Can Entrepreneurship Save the Middle East?

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Teaching entrepreneurship in the 'eye of the storm' during 'Arab Spring'

"...Many of these students come to class excited about school for the first time in their lives."
Jason White, Project Director

It may be surprising that on May 2, 2011, the day the world woke up to find out Osama Bin Laden had been killed, American entrepreneurship professors in Riyadh, Saudi Arabia delivered a mid-term exam to almost 1,200 students without incident, or even a mention of the event.

Turn on any major news network and the scene is of Arabs in and around the Middle East protesting in the streets. Meanwhile, students in the Kent State/King Saud University Entrepreneurship Program are brainstorming unique business ideas, and planning to start them. This is a new concept in Saudi education. These students are learning how to build a future beyond oil production – bringing new services that Saudi Arabia does not have, such as road side assistance and home PC repair. They are also coming up with new and exciting inventions, such as plasma screen hub caps that flash digital images while driving. While some countries in the Arab world seem to be teetering on the brink of chaos, these students are quietly learning how to build businesses to support themselves and expand the economy.

“I have seen some incredible personal transformations in many students over the course of a semester. Many of these students come to class excited about school for the first time in their lives”. Said Project Director, Jason White.

The Kent State/King Saud University Entrepreneurship Program in Riyadh, Saudi Arabia is a three year, $3.4 million dollar partnership program between the two universities.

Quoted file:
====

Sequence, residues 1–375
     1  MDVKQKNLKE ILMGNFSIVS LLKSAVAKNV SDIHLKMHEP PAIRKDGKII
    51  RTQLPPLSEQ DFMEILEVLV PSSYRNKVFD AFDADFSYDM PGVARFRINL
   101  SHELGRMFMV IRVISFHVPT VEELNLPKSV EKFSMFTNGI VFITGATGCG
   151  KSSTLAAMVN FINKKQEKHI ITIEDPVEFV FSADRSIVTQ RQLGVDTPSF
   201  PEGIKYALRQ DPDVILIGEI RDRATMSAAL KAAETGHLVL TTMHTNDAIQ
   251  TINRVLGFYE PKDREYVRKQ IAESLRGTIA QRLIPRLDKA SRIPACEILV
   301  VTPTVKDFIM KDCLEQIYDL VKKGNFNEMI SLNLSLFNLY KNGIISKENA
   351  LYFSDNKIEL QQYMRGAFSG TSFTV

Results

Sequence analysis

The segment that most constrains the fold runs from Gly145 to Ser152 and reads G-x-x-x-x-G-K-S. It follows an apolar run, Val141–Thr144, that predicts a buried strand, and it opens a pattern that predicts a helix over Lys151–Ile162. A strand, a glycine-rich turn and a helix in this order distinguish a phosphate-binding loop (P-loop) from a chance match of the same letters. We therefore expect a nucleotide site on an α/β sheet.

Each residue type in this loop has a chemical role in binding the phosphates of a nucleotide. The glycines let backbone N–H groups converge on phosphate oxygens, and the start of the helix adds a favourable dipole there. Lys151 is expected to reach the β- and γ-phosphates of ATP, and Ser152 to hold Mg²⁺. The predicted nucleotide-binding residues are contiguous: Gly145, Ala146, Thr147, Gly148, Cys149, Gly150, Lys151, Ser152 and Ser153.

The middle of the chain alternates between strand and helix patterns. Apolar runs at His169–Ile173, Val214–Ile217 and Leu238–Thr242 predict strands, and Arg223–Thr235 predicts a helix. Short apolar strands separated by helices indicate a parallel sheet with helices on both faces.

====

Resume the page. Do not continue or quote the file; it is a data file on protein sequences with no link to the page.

Kent State University, based in Kent, Ohio, has developed many international partnership programs all over the world. King Saud University is ranked number one in the Middle East by the QS World University Rankings, and number 221 in the world.

The program develops students along three axes: introducing business concepts, research and planning and to improve their English skills. The program achieves these three goals by training students to conceive of a business idea, perform a feasibility assessment, and write a business plan. The program teaches roughly 2,400 male students each year over two semesters. The average age of a student is 19.

The curriculum is taught by a diverse team of educators from all over the world. The professors are led by Jason White, the on-site Project Director for Kent State University. Mr. White has substantial entrepreneurship experience. He has helped build and sell a multi-million dollar company, and has helped to sell other businesses for owners with Citigroup’s Capital Strategies division. Jason has managed start-up and growth stage companies in the U.S and south East Asia for over 10 years.